There is a lot that goes into this book, a lot that happens, and there are a lot of things that were really painful to read sometimes. While we don’t see all of Medousa’s rape, we see the end of it, and we also get to see the fall out from it, and really experience the raw emotions of Medousa afterwards. We also get to see her emotions, thoughts, and actions over the years after the rape.
Perseus is neither a bad man or a good man. He has a lot of good and some bad in him, which makes him very much just a man. I think that he’s honorable, at least by his standards of honor. I also think that in a lot of places, he’s very much a man of his times, and he doesn’t get all that introspective all that often. He’s a mercenary, he’s relatively good at it, and he wants to be seen as Perseus, not Son of Olympos, or Golden Son, or Destroyer.
I like the way that Perseus changes over the story. I think that he truly becomes a better person through his journey. He grows, a lot, and thinks about a lot of things that he experiences during the story and looks at his past through new eyes.
Medousa has a very similar journey, I think. She is extremely honorable. She has developed rules that she follows scrupulously, even when her sister Sthenno, who is more than a little bloodthirsty, urges Medousa to break all her rules. But, she won’t, because while Athena told her to rule herself after the curse was placed upon her, the only person holding Medousa to that is herself. I liked watching her questioning her mind, her actions, and her behaviors.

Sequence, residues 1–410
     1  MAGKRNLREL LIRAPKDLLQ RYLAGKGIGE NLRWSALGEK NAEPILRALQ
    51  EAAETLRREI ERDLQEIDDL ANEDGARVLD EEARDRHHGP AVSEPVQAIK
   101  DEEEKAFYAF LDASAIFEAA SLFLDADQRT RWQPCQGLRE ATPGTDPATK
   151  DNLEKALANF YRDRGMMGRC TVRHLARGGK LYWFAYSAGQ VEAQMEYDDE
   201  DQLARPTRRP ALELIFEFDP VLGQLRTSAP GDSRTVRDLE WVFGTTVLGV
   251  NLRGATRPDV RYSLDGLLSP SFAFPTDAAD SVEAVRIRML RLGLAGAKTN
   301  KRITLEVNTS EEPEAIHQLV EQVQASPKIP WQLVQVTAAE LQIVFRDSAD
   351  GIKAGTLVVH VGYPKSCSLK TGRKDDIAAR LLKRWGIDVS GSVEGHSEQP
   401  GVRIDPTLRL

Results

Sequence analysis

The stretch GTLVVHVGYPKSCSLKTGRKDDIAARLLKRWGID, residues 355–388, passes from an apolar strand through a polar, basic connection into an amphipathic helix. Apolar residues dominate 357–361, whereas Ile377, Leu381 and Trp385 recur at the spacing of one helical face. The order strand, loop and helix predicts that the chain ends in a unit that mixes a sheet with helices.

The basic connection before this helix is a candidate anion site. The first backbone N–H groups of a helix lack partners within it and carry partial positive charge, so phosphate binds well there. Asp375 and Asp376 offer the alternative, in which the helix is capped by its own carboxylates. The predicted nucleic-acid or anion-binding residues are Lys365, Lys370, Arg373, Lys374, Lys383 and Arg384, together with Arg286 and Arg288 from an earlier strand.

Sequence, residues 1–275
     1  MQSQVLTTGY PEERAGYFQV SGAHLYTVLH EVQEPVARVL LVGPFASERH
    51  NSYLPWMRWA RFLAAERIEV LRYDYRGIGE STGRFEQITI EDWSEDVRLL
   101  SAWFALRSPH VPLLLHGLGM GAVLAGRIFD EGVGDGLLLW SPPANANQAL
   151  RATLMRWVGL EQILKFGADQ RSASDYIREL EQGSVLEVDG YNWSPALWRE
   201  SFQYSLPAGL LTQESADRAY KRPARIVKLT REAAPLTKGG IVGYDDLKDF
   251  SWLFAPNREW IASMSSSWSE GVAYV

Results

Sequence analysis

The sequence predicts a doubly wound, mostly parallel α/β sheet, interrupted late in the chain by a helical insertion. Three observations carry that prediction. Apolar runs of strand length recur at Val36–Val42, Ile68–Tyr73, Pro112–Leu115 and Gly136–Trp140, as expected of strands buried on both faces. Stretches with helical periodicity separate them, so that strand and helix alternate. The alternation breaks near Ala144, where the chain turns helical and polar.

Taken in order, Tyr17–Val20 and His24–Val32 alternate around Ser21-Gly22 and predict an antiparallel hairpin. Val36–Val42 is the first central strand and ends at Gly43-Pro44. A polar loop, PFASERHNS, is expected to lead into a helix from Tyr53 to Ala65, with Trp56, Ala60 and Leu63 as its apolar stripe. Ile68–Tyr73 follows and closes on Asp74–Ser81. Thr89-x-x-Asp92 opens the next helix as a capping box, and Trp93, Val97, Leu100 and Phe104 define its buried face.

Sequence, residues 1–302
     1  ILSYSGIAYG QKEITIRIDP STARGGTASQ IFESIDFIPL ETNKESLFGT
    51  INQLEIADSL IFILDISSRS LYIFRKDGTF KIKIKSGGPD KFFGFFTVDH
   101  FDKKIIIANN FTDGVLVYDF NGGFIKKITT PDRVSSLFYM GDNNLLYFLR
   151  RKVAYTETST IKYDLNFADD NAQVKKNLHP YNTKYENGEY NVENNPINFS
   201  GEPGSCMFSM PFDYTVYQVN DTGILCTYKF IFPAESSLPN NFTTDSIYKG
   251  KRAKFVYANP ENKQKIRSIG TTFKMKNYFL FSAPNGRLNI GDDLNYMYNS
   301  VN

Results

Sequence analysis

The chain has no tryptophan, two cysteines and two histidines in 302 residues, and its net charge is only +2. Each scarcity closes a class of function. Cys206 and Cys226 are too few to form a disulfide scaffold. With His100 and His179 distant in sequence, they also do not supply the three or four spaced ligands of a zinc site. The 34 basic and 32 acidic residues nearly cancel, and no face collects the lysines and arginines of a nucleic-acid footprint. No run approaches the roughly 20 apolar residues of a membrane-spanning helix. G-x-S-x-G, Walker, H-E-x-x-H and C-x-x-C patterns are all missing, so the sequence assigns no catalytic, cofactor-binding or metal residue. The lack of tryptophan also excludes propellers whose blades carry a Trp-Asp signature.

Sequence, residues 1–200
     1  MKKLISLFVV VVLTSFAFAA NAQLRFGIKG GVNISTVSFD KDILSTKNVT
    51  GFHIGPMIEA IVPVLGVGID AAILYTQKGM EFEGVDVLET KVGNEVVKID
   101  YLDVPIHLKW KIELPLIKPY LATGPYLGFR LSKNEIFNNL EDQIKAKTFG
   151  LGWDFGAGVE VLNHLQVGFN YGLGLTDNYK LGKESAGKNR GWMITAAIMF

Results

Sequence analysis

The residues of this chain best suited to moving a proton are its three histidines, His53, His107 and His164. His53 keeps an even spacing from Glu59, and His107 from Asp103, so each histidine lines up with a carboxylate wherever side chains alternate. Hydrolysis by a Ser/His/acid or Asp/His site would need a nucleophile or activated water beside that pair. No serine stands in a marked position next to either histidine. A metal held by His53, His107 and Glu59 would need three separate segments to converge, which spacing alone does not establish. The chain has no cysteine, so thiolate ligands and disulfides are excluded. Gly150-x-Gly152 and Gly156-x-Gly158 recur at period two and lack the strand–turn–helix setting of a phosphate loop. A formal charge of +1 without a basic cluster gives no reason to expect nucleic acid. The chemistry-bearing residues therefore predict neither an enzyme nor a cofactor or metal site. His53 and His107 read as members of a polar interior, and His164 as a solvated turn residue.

Like I said, I love Greek mythology, and I love how Eris handles the mythology in this book. I think that she is pretty close to the myth, but in another way, she’s really far away from it. Which sounds really weird, but it really does work. She also really makes the myths human and accessible, and gives them a real explanation vs. what the myth says, if that makes sense. For example, we get Asterion’s story. He’s the Minotaur, and we find out what really happened when he was conceived. The myth is that his mother was so enamored of a sacred bull of Poseidon that had been given to her husband, King Minos, that she gets Daedalus to make a hollow cow for her to hide in, and she entices the bull. Of course, the story is different when Asterion tells it.
I’ve always kind of had a soft spot for Medousa. I think that she got a raw deal from history. I honestly cannot tell you how much I love Eris’ take on the Medousa and Perseus story, because I think that she finally gets what she deserves. It also kind of just turns the whole myth on its head, which is always good.
If you like Greek mythology, or just love an incredibly strong female character, you need to read this book. I can’t do it justice in my review. There is just so much in the book that it would take me days and days and days to talk about it. I can say that Perseus and Medousa are going to live in my head for a good long time, and that’s a good thing.
So, go check it out! Happy reading!
This is my favorite statue of Medousa. She’s supposed to be holding Perseus’ head, as a reversal of the famous statue of Perseus holding her head. Instead, I prefer to think that she’s holding Poseidon’s head, and has gotten her vengeance against him.